A cultural bridge too far

Puccini’s Madame Butterfly flutters over the Israel Festival

‘MADAME BUTTERFLY’ in full flight. (photo credit: YOSSI ZWECKER)
‘MADAME BUTTERFLY’ in full flight.
(photo credit: YOSSI ZWECKER)
For some years now, directors of timeworn stage productions have done their best to bring the storyline up to date, and make it more accessible to ever-widening circles of culture consumers. Around three decades or so ago I recall catching a rendition of Shakespeare’s Hamlet complete with leather-clad actors, and even a motorbike, on stage. Then again, there are works that are more amenable to being brought into the here and now.
Puccini’s Madame Butterfly is clearly tailored to a contemporary mindset, and there are social and cultural messages in there that are just as relevant today as they were when the opera premiered at La Scala, in 1904. Opera lovers who make the trip to Jerusalem’s Sultan’s Pool at the foot of the Old City walls, on Thursday, will be able to catch what promises to be a spectacular, and user-friendly, offering of the ever-popular work, as part of the current Israel Festival.
While the actual events took place over a century ago, the subject matter clear lends itself to a here-and-now rendition.
“The production is an entirely contemporary production,” said director  Gadi Schechter.  “I bring the story into the present. The pimp-owner of night club, where the first act takes place, he has an iPad with all the data he needs – about all the apartments he owns, and the ones he wants to buy, about all his women, his relatives.”
 He’s not only savvy one, about the ways of the cutting edge technology. “The members of the choir have iPhones... Not real ones, of course,” he laughed. “After a day at work they come to the night club, loosen their ties, slip off their suit jackets, relax and send messages. This is a totally modern production.”
Still, presenting an opera al fresco is pretty different from the more frequent indoor, more acoustically-inclined, audience-convenience fashioned format. Mind you, Schechter does have some hands-on experience with the production.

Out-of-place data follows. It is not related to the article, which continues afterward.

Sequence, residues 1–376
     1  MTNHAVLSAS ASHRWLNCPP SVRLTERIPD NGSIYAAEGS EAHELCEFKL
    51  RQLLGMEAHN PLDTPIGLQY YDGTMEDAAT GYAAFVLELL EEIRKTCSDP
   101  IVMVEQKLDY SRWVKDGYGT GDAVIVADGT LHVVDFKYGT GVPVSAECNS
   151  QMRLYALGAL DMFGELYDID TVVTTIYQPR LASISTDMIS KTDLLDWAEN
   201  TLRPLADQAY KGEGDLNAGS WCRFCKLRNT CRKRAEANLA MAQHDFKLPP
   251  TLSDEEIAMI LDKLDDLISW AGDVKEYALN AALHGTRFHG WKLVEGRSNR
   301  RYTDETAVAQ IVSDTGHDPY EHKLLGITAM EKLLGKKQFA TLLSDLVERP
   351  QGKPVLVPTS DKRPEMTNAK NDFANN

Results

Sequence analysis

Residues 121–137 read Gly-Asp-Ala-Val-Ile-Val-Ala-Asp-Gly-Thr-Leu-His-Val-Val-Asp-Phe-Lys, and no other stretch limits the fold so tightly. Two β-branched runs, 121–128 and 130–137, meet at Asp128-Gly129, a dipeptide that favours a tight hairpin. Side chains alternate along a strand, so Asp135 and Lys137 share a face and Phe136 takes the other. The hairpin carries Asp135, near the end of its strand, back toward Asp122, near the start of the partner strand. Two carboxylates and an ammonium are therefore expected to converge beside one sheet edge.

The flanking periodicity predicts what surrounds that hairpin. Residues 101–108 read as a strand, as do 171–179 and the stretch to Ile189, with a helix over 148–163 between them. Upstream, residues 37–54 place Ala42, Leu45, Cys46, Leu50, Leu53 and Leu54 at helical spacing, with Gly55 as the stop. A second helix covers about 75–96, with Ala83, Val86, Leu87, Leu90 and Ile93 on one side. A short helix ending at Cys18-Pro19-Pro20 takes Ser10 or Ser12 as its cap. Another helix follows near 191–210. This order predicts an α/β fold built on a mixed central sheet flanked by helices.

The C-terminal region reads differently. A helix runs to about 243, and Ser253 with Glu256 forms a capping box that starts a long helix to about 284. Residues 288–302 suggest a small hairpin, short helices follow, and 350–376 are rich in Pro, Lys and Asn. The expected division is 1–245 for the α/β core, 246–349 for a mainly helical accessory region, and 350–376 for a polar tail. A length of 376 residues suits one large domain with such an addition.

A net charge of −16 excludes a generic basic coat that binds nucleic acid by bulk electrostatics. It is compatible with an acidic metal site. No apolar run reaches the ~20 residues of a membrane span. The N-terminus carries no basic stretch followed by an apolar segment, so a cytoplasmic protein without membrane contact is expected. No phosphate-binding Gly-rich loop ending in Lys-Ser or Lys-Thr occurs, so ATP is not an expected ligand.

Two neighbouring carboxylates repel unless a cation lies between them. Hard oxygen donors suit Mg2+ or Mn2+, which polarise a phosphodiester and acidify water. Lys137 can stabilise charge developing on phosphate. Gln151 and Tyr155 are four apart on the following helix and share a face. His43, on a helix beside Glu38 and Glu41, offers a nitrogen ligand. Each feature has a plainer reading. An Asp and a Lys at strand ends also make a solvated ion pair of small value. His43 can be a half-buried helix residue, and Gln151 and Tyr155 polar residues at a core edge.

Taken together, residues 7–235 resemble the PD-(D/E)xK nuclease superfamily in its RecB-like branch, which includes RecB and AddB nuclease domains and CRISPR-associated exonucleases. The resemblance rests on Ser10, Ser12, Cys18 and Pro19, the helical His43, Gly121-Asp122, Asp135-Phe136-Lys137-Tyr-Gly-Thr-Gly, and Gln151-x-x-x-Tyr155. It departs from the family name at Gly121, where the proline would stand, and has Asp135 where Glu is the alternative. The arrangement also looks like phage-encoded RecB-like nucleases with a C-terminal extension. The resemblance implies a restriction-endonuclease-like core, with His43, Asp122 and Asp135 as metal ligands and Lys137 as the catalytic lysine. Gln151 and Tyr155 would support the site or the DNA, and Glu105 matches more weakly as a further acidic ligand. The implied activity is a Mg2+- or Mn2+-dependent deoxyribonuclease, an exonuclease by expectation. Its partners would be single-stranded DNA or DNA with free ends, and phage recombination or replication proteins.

“I have worked on this opera several times before,” he said. “This is my second time as the director. It’s the same production, but I have a completely different cast with completely different soloists.”  The latter, inter alia, include South Korean soprano Elisa Cho, Ukrainian tenor Valentin Dytiuk, Romanian baritone Ionut Pascu and Israeli mezzo-soprano Shay Bloch.
There are, of course, numerous elements that go into an operatic production which can lead the director along a particular aesthetic line of thought. Madame Butterfly tells the tragic tale of a love found and achingly lost, based on a short story by John Luther Long which, in turn, was inspired by real-life accounts of travelers who joined the American navy.
Set in late-19th century Nagasaki, the opera recounts the story of Cio Cio San (Madame Butterfly in Japanese) who falls in love and marries a US naval officer named Pinkerton (Dytiuk). Sadly Cio Cio San’s bliss is abruptly curtailed when Pinkerton returns to the States. Unbeknown to him, his Japanese lover gives birth to a baby boy, and nurtures a dream that, one day, her son’s father will return and they will all live happily ever after. Meanwhile, her erstwhile paramour has regained his place in western society, and has married an American woman. When Pinkerton eventually makes his way to the Land of the Rising Sun he travels with his wife, with a catastrophic bottom line for poor Cio Cio San.
Naturally, the conceptual kernel of the storyline references the interface, and cultural discrepancies, between western and eastern cultures. That will come across, in highly visual form, in Schechter’s version. “The traditional side is the side of [Madame] Butterfly,” the director explained. “All the Japanese women who come to the night club, in the first act, wear kimonos.”
The cultural ping pong thickens. “In the second act we see Butterfly’s house. Half of it is a traditional dwelling – we see her kimono and the place where she prays – but the other half of the house is completely American. There’s an American flag there and a photograph of Pinkerton. She tries to take on something of the American culture, as much as she can, as much as she knows about it at all.” The partitioning of the house is also a means of accentuating the divide between the two societies and ways of thinking which, as we learn, can only badly.
While some operatic productions offer abridged versions of lengthy works, this performance incorporates every word, every note of music and the complete storyline of the original libretto by Luigi Illica and Giuseppe Giacosa. “It is not easy to shorten Puccini operas,” Schechter said “You can do that with some Verdi operas which have what I call ‘numbers’. But with Puccini it is all story-based, and the scenes flow seamlessly. So you can’t really cut Puccini, and you really shouldn’t.”
 In addition to the aforementioned vocalists, the forthcoming rendition features the Israeli Opera Chorus, with chorus master Ethan, the Jerusalem Symphony Orchestra and conductor Ishai Shtekler. There will be subtitles in English and Hebrew.